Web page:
There are four such pit stops spread over the climb and are an essential hideout from the Sun and the views are breathtaking enough to make the rest not seem too time consuming. More importantly the higher you get the cooler the breeze that helps mitigate the effects of tropical heat of interior TN.
After cooling ourselves for about 5 minutes we resumed our climb, this time without handrails, under the unrelenting heat only to run into hordes of people returning from their climb. Everyone of these groups would stop when they see us and exclaim at my cruelty for bringing an elderly lady on such an arduous trip. It was not the exhausting climb that bothered them, but the fact that there was nothing when you reach the top. “Oh! look at that poor Aayah*****”, they would exclaim at each other, stopping short. Then turn around at me and say accusingly,” Why are you taking her all the way up there ma! There is nothing to see, but broken down ruins!” They would promptly discard my palliative, “it is to see the ruins and enjoy the climb that we go,” with a dismissive flick of the hand and shake their heads, “what climb?! what ruins?! you only get knee pain for all this”, sigh, and resume their downward journey leaping over the steps like mountain goats. It didnt matter that there were Aayahs among them too, they would stop by my mom and advice her in a stage whisper, “turn back right now! there is nothing to see. They cheat by saying there is a temple, it is nothing! There is no God, only pillars!”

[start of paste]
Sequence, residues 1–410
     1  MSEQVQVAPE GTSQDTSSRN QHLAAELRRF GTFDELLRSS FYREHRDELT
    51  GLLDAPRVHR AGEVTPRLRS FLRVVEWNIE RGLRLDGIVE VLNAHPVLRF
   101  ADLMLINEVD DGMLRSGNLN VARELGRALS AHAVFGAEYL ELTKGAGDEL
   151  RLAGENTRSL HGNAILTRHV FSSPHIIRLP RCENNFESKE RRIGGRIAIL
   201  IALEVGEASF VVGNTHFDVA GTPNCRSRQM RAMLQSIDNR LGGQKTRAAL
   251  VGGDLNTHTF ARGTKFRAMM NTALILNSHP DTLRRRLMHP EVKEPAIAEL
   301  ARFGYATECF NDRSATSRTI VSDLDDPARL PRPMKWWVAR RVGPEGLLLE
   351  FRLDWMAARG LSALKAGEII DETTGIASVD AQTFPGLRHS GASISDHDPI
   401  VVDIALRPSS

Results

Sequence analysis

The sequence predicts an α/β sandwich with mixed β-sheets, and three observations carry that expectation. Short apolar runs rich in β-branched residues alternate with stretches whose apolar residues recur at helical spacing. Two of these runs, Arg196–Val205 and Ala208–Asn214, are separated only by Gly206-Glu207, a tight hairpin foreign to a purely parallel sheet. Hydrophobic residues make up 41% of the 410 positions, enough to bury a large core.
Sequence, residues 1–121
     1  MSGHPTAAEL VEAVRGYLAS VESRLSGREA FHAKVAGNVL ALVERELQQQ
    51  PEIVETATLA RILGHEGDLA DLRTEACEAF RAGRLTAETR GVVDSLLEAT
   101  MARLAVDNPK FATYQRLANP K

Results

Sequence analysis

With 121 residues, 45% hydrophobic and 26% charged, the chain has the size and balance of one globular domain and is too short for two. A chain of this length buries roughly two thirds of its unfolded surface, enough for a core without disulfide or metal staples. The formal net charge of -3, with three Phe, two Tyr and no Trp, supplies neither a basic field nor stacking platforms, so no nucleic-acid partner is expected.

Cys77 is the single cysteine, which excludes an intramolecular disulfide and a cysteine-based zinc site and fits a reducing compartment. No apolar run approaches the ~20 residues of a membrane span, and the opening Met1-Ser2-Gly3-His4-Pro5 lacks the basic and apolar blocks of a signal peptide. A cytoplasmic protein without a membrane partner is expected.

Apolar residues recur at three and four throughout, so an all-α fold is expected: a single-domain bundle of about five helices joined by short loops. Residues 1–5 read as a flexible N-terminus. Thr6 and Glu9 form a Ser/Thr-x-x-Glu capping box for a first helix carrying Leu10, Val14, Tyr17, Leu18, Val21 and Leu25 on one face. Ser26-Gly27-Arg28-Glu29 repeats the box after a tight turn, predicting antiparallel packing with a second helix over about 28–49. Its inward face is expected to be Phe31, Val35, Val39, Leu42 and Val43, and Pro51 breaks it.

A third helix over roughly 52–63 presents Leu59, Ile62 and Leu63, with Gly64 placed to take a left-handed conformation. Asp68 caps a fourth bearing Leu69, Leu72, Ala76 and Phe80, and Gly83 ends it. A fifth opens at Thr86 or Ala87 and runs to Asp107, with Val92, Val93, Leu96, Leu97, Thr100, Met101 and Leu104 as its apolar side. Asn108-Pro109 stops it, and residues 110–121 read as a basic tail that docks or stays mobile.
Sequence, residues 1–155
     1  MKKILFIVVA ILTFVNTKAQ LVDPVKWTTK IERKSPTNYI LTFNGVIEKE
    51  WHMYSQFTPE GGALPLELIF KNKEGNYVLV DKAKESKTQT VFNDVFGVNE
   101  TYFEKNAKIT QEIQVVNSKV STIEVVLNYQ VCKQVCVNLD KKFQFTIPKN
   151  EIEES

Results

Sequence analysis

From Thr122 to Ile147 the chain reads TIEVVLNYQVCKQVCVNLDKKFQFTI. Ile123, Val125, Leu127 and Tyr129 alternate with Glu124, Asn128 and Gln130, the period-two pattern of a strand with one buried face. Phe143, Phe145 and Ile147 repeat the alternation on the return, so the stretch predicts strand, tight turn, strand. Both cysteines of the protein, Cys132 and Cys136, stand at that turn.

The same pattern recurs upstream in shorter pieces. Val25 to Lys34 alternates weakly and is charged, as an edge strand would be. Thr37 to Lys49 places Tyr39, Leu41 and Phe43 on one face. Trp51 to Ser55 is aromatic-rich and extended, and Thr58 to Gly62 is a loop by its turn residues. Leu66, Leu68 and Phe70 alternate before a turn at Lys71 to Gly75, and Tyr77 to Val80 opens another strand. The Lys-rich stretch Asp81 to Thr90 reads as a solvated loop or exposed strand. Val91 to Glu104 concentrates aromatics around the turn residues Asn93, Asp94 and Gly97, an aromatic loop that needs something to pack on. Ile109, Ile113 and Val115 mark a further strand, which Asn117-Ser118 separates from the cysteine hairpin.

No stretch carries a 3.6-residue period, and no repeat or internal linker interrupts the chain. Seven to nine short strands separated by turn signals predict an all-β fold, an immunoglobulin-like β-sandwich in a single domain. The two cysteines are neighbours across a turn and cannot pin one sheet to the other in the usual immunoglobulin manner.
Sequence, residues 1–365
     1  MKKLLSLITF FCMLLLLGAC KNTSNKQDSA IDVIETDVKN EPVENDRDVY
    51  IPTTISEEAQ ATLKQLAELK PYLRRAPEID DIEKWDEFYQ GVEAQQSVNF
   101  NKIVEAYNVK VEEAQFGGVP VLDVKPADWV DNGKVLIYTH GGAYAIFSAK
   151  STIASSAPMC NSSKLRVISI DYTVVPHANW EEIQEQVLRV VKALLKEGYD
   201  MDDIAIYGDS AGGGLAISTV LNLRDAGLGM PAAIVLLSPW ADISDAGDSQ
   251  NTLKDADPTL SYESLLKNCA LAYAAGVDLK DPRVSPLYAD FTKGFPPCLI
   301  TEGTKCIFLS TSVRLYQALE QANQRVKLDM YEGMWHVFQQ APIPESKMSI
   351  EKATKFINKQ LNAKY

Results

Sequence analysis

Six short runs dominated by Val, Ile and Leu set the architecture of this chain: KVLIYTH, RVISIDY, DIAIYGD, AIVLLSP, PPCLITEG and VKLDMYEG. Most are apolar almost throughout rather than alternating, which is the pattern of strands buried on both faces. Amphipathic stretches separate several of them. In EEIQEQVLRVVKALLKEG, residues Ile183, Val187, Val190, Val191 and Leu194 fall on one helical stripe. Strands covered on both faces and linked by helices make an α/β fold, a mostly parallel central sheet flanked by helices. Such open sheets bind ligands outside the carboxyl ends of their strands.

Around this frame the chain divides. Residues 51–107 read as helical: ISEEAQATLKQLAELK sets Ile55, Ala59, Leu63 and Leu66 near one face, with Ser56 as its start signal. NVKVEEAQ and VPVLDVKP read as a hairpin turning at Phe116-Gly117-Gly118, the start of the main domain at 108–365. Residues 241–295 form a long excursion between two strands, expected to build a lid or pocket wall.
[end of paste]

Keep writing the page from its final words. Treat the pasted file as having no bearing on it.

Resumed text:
You would think at least the ascending crowd would be encouraging, but you would be wrong! We seem to have hit the ideal time for romantic couples’s ascension and the men of each and every couple would pass us by and remark to his girl, ” even this aayah is climbing and you make such a big deal!” and the woman in every couple will invariably give me killer looks as if I am solely responsible for her current predicament! Nevertheless, we finally reached the third rest stop breathless and burning with the heat of the mid-day Sun. At this point, my mother gave up, being defeated by the Sun and I decided to forge on ahead to conquer this bloody peak. So off I went after catching my breath and drinking half my water.